Martin Fahey, Roxboro, Ballinrobe, Co. Mayo, Ireland

Photo:First passport photo

First passport photo

Marty Fahey

Photo:Martin & Uncle Ed Fahey c. 1949

Martin & Uncle Ed Fahey c. 1949

Marty Fahey

Photo:Martin Fahy at the Keating Benefit, 1949

Martin Fahy at the Keating Benefit, 1949

Marty Fahey

Photo:Patsy Kelly, Actress, late 1940s

Patsy Kelly, Actress, late 1940s

Marty Fahey

Photo:Bridget Fahy & Johnny Burke late 50s or early 60s

Bridget Fahy & Johnny Burke late 50s or early 60s

Marty Fahey

Photo:House at Roxboro

House at Roxboro

Marty Fahey

Photo:James Fahy summer 1971

James Fahy summer 1971

Marty Fahey

Photo:James & Mary Fahy gravestone

James & Mary Fahy gravestone

Marty Fahey

Photo:Marty Fahey, c. 2005

Marty Fahey, c. 2005

Born 1919 - died 2013

By Marty Fahey

Marty Fahey passed on an article written by Bob Rakow on August 4th 2013 about his father Martin, a Roxboro man (born, Roxboro, Ballinrobe, 1919). See below for extracts from that article and information below.

A man who never forgot his roots; he promoted everything Irish in Chicago over many decades; “he was the voice of the Irish community in Chicago”. 

Parents - James Fahy and Bridget (Kelly)

The Kellys were from Ballygarris; his Mother's uncle was a local horse trainer of some renown - Henry Kelly - and his maternal Aunt, Patsy Kelly - was a Broadway and Hollywood film star/comedienne from the 1930s-late 1970s.

Like his Father and Grandfather before him, he worked at Cloonee House before leaving for London and with the Mayo County Council. His other siblings also worked at Cloonee in the 1940s, '50s.


The oldest of 6: Martin, Mary (Burke, Knockadoona), Edward "Ned", Paddy, Bridget (Graney) and James. Two of his siblings - Ned and Mary - stayed in the area; the others emigrated to Chicago with his sister Bridie (Graney) still living in Southern California. 

Schools attended

Roxboro National School, Ballinrobe and the local Christian Brothers’ school

Chicago arrival

Martin Fahey arrived in Chicago in 1947 and devoted the next six decades to sharing the music, dance and culture of his native Ireland with the Irish community throughout the Southland.

Voice of Chicago’s Irish Community

Martin  was the voice of Chicago’s Irish community, hosting a weekly radio program and serving as master of ceremonies for St. Patrick’s Day celebrations as well as Irish concerts and dance competitions since the 1950's.

He was the master of ceremonies of every Irish concert and event I can remember, going back to my very earliest memories,” said Mr. Fahey’s daughter, Sheila Fahey, a Tinley Park resident. “He had a great voice and cadence. It just came natural to him.” Mr. Fahey died July 26. He was 93. “He touched the lives of many people over the course of his wonderful, full 93 years,” said Mr. Fahey’s son, Marty, during a eulogy at his father’s funeral Mass at St. Catherine of Alexandria Catholic Church in Oak Lawn.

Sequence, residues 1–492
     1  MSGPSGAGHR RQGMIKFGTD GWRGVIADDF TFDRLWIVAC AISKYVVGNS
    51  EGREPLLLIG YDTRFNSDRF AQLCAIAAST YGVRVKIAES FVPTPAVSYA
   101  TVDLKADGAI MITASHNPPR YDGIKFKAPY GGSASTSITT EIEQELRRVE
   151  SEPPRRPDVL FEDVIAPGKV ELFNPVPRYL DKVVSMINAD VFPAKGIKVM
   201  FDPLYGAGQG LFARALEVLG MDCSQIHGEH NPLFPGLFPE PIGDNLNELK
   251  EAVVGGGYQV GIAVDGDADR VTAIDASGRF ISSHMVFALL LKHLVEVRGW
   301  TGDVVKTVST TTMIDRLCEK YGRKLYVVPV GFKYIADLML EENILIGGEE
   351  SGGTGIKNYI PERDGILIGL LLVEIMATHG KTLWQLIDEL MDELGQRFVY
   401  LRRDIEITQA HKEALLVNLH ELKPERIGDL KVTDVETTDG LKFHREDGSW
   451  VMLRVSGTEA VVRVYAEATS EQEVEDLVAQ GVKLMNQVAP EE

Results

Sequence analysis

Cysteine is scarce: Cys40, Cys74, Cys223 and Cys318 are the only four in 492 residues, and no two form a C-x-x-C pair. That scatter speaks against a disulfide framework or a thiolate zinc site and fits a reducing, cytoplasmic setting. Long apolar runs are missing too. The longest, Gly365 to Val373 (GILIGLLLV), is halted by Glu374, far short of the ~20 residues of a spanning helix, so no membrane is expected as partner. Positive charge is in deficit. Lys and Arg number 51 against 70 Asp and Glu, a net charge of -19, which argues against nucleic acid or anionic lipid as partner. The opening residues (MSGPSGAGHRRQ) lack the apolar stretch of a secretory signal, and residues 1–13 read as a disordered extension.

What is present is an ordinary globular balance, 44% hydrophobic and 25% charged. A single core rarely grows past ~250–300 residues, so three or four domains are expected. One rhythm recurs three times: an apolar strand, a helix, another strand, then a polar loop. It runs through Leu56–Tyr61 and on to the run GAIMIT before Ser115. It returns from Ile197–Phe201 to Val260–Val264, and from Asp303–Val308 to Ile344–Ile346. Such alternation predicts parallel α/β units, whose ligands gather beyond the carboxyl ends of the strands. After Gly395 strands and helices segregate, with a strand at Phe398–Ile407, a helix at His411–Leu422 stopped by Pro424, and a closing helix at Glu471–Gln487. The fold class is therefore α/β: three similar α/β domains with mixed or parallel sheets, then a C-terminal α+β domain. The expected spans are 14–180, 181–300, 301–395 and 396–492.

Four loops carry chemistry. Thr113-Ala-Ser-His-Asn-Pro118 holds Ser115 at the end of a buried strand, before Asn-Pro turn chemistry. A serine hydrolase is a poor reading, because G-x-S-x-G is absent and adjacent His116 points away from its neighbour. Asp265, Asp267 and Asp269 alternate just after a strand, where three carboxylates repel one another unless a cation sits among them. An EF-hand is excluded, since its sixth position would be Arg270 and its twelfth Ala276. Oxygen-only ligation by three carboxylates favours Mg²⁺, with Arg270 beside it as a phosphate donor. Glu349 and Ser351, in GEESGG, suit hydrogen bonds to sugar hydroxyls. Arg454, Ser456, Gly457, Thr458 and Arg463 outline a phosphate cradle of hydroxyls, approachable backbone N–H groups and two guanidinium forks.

He also remembered his father as a man who was “persistent and resilient and he expected you to be as well. Perhaps he was mindful of the old Irish saying that goes, ‘There’s nothing so bad that it couldn’t be worse.’”

Radio Show

Mr. Fahey initially hosted a radio show on Sunday nights from Hanley’s House of Happiness, an Irish tavern on 79th Street in Chicago. The show later moved to Hoban’s Pub on 63rd Street.  He frequently filled in on Jack Hagerty’s Saturday morning Irish radio program, which was broadcast from a station in Oak Park. Hagerty’s show followed one hosted by legendary Irish broadcaster Tom McNamara. Mr. Fahey took over the show when McNamara died and hosted it for several years.

“He took great pride and joy in bringing, as he said, ‘the music and songs of my native land’ into the homes of his listeners every weekend. He was a devout Irishman to the core, and he had great respect and love for Ireland’s many wonderful attributes and traditions,” said Marty Fahey, a long time Irish musician.

St. Patrick’s Day celebrations

Mr. Fahey was well known for creating and hosting “Ireland on Parade,” a week-long St. Patrick’s Day celebration that started in 1967 at Ford City Mall. The show — which featured Irish musicians, dancers and singers — eventually moved to the Glendora House in Chicago Ridge and later to Gaelic Park in Oak Forest. Mr. Fahey also served as a master of ceremonies during Gaelic Park’s annual Irish Fest each May.

Education & Employment

Mr. Fahey arrived in the United States on July 4, 1947, after spending seven years in England, where he worked as a chauffeur. He graduated from an Irish Christian Brothers secondary school in Ireland [probably Ballinrobe] and worked for Mayo County Council.

He worked for Standard Oil in the States for 35 years and retired as fleet director.

Charitable Causes

Mr. Fahey also was known for his dedication to charitable causes and Irish organizations. He helped run fundraisers for the Columban Fathers and the Medical Missionaries of Mary. He and several friends started the Mayo Men’s Association, later renamed the Mayo Association of Chicago, and was one of the group’s first presidents.

Marty Fahey described his father as a man of faith and principle.


Mr. Fahey married Rita Madden in 1951; she died in 1971. Two years later, he married Mary Campbell, a long-time Irish dance instructor and an adjudicator.

In addition to his two children and wife, Mr. Fahey is survived by four grandchildren; a sister, Bridie Graney; and several nieces and nephews. Burial was at Holy Sepulchre Cemetery.

Remaining family in the Ballinrobe environs  

His niece and nephews on the Burke side of the family still live locally: Eddy (Roxboro); Mattie (Knockadoona); John, Mary and PJ (Castlebar)


This page was added by Averil Staunton on 05/09/2013.